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Moscow Gay Games Hit With Interference and Harassment

MOSCOW (Reuters) – Russia’s first open gay, lesbian, bisexual and transgender (LGBT) sports competition was disrupted and police incursions this week, organizers said.

U.S. diving gold medalist Greg Louganis (left) and Russia’s LGBT Sports Federation president Konstantin Yablodsky speak to media in Moscow February 26, 2014. REUTERS/Maxim Shemetov

The five-day Russian Open comes a week after Russia hosted the Sochi Winter Olympics and draws people from around the world for football, basketball and other sports.

The Sochi Games, a personal prestige project of Russian President Vladimir Putin, came under fire last year when the Russian leader signed a law that critics say discriminates against homosexuals and could encourage hate crimes.

Organizers of the Open had to find some venues on short notice after Russia’s LGBT sports federation learned at the last minute that some of its bookings had been cancelled.

Federation president Konstantin Jablodsky said no written explanation was given and players and fans gathered in secret. Still, organizers said vandalism and other incidents by Moscow police were a daily occurrence during the Games.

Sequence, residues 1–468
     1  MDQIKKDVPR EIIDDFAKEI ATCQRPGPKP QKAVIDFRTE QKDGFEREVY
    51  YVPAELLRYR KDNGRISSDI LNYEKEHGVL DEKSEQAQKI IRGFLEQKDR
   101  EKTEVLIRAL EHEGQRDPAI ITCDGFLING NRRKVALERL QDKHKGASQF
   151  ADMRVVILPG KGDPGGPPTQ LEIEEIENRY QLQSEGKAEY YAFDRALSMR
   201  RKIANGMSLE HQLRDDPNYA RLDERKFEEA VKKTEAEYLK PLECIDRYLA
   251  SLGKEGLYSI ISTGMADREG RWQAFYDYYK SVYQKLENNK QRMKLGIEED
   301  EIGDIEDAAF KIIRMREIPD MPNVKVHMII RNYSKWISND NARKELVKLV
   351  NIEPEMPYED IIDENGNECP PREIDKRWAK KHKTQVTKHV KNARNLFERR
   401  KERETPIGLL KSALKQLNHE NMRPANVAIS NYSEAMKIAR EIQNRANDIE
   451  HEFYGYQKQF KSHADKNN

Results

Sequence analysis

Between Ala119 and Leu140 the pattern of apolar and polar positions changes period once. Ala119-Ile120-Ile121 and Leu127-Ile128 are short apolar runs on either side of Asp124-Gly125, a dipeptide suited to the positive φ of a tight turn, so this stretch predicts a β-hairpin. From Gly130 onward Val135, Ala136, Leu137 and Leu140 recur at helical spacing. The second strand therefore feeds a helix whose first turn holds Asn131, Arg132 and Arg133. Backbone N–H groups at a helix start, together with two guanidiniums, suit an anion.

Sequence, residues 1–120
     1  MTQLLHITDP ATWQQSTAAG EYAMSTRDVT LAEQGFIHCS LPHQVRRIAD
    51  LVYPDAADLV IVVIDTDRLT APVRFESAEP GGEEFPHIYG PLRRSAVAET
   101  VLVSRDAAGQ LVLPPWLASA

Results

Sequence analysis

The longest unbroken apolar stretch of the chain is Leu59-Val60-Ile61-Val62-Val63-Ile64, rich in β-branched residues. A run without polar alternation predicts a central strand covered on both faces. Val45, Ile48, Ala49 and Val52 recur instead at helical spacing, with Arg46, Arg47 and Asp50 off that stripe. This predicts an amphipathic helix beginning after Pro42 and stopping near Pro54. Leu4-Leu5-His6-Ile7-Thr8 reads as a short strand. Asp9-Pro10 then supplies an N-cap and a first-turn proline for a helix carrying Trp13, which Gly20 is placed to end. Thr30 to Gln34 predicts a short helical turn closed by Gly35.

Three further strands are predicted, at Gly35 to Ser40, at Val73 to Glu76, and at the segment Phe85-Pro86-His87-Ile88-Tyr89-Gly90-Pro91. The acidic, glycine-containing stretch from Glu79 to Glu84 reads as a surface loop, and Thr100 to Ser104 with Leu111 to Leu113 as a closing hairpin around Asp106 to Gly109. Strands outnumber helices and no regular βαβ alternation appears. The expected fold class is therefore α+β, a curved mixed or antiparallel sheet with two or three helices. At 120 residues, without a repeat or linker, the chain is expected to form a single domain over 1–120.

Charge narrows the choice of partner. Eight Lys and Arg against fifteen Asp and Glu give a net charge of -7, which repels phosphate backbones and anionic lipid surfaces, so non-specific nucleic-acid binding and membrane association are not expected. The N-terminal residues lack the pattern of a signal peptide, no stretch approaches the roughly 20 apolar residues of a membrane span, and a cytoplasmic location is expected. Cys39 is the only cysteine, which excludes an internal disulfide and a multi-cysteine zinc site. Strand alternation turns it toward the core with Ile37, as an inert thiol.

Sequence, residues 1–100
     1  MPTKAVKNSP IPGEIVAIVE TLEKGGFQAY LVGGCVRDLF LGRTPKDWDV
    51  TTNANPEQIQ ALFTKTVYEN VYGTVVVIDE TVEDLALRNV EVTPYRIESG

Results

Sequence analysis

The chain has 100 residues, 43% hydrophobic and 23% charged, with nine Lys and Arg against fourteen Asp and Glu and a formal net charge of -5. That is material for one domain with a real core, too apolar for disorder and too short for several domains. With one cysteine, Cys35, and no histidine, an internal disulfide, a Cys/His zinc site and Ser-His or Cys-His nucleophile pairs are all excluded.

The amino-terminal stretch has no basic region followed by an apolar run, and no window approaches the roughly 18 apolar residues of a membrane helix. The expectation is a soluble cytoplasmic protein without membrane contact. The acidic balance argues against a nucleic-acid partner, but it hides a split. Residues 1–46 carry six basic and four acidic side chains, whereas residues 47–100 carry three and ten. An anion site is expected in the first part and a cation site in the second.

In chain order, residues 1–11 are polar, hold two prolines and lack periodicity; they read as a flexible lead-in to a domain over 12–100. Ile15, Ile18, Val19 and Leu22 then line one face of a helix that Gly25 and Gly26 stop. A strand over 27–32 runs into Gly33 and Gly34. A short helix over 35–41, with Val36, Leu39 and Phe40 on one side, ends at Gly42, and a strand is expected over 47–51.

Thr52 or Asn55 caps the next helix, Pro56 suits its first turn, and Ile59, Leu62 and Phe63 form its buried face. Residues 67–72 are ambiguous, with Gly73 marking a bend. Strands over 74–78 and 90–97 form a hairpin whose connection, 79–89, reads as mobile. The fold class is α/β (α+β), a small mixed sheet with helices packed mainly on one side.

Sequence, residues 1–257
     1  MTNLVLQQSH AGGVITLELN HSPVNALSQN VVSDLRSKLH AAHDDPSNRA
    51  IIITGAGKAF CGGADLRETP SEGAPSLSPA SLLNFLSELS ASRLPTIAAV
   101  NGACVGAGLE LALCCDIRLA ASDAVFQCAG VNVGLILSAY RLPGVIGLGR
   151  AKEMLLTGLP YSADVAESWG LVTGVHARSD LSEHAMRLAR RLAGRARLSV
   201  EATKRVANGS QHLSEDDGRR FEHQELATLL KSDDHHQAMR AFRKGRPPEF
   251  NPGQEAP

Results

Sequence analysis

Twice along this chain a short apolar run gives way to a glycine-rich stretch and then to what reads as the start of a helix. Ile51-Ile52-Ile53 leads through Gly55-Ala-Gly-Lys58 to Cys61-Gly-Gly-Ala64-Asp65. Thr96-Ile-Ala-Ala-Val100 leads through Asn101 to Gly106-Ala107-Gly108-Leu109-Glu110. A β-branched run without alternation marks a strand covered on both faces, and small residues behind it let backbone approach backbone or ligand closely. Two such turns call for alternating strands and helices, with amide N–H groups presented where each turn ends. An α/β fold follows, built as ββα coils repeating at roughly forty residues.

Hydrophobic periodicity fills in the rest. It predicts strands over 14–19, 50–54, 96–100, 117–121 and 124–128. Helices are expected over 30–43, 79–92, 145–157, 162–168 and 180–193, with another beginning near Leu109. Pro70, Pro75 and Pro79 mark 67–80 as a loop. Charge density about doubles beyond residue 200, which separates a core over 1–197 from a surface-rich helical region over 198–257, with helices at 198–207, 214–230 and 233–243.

“Sport is a human right…Sport must be free from any form of discrimination, including discrimination based on sexual orientation,” Jablodsky told reporters on Saturday.

“Unfortunately, in Russia, our right to play sports has been violated. We have limited access to venues … especially yesterday when we had a basketball game … someone threw a smoke bomb and we had to stop.”

Some 330 players and fans, some from Germany, France, the United States and Canada, signed up for the Games.

Dutch Minister of Health, Welfare and Sports Edith Speers presented the medals to the athletes at the Moscow club on Friday.

“It’s very important that everyone in the world can choose their own life,” she told reporters, explaining her support for the Olympics.

Minutes after she left the football tournament on Saturday, police ordered the evacuation of the venue, saying they had received calls warning of a “possible terrorist act”.

Canadian writer Keve Sennett, who has participated in similar sporting events around the world, said she felt compelled to come to Moscow to watch the game.

“After Canada, the U.S., Latin America, etc., this particular event was probably held under the most dangerous circumstances … it’s really important to be here, to be here with a large number of people,” she said.

Another foreigner in attendance was American diver Greg Louganis, an openly gay Olympic champion.

Reporting by Katya Golubkova; Editing by Lydia Kelly and Alistair Lyons

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